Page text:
Despite approval from lawmakers this past session, growing hemp industrially in Oregon may not be a reality.
ALBANY, Ore. — Despite recent approval from state lawmakers, industrial hemp growth in Oregon faces a number of hurdles, including a less than ideal local climate and likely opposition from the Drug Enforcement Agency, an Oregon State University official said.
Hemp and its close cousin, marijuana, were outlawed by the federal government in the 1930s. But Oregon will become one of a handful of states to give farmers the option of growing it when the new law — signed by Gov. Ted Kulongoski on Tuesday — takes effect Jan. 1.
Hemp contains high fiber, protein and fatty acids, and can be used to make food or industrial materials like paper. But it falls under federal anti-drug rules because it has trace amounts of the mind-altering chemical THC that is found in marijuana.
The legislation requires industrial hemp to have very low levels of THC, and the law also redefines “marijuana” and “controlled substance” under Oregon law to further distinguish industrial hemp.
- Black Lives Matter protesters march, conduct sit-ins in downtown Seattle
- Apple Cup Game Center: UW Huskies dominate No. 20 Cougars, shut down WSU's offense in Seattle
- Swarming defense, Myles Gaskin help UW Huskies rout WSU Cougars in Apple Cup
- With Luke Falk out, Peyton Bender will start at quarterback for WSU Cougars vs UW Huskies in Apple Cup
- Teardown town: 1,500 small houses replaced by giants since 2012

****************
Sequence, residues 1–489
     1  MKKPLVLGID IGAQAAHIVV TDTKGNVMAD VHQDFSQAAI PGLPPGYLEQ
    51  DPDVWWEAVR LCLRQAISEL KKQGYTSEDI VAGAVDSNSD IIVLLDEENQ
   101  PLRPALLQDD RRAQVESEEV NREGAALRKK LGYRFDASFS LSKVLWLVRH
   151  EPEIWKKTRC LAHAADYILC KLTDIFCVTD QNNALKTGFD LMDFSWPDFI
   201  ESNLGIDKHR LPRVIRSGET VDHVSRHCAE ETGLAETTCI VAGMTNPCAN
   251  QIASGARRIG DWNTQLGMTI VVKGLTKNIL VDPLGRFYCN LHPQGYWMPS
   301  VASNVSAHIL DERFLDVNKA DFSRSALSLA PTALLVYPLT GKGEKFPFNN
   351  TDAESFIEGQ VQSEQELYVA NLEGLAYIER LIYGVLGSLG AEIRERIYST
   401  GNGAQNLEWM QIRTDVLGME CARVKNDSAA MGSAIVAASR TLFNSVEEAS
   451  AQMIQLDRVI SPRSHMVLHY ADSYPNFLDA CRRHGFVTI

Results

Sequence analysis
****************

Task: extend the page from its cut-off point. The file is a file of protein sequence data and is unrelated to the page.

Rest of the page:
Most Read Stories
The DEA has put restrictions on hemp research, said Mark Mellbye of Oregon State University.
And the agency has shut down growing operations in other states that have legalized hemp, and prevented the Lakota Sioux tribe in South Dakota from growing it on sovereign land, said Daryl Ehrensing of Oregon State’s Crop and Soil Science Department.
Whether the agency cracks down on any eventual Oregon growers is anybody’s guess, Ehrensing said. But he said he doubts the federal government would follow Oregon in making similar changes to federal law.
“Nobody knows what the feds will do at this point,” he said. “I don’t think anybody’s going to take a chance with forfeiting their land to the federal government.”
Also, commercial growers in Oregon wouldn’t be able to grow hemp on a large scale because of the dry summers that much of the state experiences, Ehrensing said.
But Ehrensing said that he’s received calls from companies interested in experimenting with growing hemp. He thinks somebody may try growing hemp a try as early as next year.